The Real Deal New York

Mind the gap: Brooklyn rents catching up to Manhattan

Difference in June was $500, but don't expect lines to cross anytime soon

July 11, 2014 05:30PM
By E.B. Solomont

Median monthly rents in Manhattan and Brooklyn from Jan. 2008 to June 2014

Median monthly rents in Manhattan and Brooklyn from Jan. 2008 to June 2014

Brooklyn rental prices may be rising, but they’re not a shoo-in to catch up with Manhattan just yet.

The difference between median rental prices in Manhattan and Brooklyn was $500 in June, according to Douglas Elliman’s monthly rental report. That’s up from a record low of $210 in February. But even at $500, the gap between the boroughs is far narrower than in February 2009, when there was a $1,465 difference. At that time, the median rent in Manhattan was $3,695 to Brooklyn’s $2,230.

Jonathan Miller, president of appraisal firm Miller Samuel and author of the Elliman report, said the gap started to narrow in 2010.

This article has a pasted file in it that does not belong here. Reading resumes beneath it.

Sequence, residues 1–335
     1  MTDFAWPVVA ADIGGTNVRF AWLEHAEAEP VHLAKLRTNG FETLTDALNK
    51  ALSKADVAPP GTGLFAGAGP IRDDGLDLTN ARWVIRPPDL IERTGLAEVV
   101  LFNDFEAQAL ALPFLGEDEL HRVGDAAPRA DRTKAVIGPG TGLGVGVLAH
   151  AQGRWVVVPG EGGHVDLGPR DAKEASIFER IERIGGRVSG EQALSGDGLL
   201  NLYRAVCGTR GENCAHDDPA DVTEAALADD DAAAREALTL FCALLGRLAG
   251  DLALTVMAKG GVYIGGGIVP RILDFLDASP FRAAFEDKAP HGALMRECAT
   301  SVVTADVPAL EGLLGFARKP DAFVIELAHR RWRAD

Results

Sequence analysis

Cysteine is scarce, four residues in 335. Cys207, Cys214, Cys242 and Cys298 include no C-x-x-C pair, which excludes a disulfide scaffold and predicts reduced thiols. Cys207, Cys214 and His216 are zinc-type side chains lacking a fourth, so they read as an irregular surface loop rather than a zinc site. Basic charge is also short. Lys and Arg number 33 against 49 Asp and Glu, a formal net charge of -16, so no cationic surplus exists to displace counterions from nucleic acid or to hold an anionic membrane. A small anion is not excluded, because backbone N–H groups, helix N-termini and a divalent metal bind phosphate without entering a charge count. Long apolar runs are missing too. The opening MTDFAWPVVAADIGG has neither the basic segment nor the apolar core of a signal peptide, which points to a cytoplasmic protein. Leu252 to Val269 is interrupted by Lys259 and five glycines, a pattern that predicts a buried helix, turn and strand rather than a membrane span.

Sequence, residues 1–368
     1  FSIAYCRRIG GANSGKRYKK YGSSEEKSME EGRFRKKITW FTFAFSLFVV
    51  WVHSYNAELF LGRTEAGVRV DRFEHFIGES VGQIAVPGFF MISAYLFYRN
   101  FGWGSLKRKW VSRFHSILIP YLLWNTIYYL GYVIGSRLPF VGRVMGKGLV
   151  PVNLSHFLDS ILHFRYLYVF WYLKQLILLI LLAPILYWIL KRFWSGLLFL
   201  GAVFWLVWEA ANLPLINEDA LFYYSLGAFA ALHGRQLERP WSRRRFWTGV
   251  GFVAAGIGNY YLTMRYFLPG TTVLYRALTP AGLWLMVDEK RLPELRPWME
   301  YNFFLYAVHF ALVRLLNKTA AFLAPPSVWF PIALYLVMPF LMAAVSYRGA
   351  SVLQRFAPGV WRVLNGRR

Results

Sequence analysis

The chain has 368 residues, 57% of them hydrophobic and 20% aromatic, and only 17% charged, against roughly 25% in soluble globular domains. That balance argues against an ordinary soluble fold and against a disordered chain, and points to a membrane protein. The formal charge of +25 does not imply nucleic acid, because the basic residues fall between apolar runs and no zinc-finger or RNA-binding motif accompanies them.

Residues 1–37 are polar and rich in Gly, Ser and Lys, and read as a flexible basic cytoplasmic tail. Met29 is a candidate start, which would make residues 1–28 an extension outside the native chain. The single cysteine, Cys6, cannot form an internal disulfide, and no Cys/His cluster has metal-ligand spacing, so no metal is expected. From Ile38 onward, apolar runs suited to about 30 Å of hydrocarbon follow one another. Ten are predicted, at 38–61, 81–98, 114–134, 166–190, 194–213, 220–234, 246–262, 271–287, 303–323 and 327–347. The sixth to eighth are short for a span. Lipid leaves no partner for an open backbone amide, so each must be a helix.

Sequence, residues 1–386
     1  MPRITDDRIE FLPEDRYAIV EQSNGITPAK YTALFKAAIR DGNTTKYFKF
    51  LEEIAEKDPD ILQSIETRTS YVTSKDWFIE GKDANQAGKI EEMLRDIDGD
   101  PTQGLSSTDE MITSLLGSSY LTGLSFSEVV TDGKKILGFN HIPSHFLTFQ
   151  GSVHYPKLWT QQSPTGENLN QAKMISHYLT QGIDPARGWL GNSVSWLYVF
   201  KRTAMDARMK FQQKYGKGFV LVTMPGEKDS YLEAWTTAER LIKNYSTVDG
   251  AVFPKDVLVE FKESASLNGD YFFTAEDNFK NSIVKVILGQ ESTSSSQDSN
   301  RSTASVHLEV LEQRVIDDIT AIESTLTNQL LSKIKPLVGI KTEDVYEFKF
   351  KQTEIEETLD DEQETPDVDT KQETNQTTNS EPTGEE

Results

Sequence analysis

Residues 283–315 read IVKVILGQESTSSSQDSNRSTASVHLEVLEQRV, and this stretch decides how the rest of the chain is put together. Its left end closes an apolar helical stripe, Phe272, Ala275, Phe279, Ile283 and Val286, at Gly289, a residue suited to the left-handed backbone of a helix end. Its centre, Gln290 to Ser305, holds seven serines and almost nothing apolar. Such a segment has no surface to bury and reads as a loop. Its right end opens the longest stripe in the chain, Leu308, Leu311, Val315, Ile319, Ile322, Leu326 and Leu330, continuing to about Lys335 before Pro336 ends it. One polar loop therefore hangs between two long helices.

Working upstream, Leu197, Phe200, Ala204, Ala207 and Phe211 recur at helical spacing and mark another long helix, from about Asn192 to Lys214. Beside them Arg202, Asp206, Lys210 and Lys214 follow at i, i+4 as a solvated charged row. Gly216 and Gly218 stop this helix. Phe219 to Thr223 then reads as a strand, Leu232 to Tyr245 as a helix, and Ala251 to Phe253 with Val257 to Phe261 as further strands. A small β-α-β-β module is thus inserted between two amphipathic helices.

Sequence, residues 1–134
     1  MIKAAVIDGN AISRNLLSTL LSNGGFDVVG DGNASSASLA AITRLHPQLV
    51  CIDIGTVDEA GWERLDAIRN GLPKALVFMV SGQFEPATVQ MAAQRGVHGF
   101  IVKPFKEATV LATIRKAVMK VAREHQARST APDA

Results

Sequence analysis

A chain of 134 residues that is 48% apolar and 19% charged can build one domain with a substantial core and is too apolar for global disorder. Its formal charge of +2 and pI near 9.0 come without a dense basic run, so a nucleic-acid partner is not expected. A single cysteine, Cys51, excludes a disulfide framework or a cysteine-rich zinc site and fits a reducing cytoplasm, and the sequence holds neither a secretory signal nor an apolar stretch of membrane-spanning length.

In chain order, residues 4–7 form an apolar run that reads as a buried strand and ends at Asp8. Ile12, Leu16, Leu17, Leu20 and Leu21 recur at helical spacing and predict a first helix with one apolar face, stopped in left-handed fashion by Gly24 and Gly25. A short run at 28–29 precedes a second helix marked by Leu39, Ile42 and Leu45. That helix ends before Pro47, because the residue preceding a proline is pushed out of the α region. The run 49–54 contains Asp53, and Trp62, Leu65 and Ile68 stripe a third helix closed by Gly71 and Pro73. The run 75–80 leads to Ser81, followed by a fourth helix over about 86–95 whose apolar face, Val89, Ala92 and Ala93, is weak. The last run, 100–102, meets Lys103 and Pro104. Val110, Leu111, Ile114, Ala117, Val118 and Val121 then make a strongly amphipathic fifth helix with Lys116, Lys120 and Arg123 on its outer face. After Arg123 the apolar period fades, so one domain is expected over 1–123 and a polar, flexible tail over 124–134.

The compression picked up last summer during a period of record sales in Manhattan. “The sales market and rental market are, in many ways, competitors,” he said. “Rental demand started to weaken a bit because the fence sitters, even with tight credit, poured into the market.”

As a result, Manhattan rents dipped even as Brooklyn’s median rents continued to increase. “It accelerated the compression between the two markets,” Miller said.

He pointed out that in May and June of this year, the spread hovered at $500, indicating that prices aren’t on a collision course, despite earlier predictions.

In June, the median rental price rose 3.3 percent to $3,300 compared with Brooklyn, where median prices rose 2.3 percent to $2,800.

“I suspect we won’t see the lines cross anytime soon,” Miller said.

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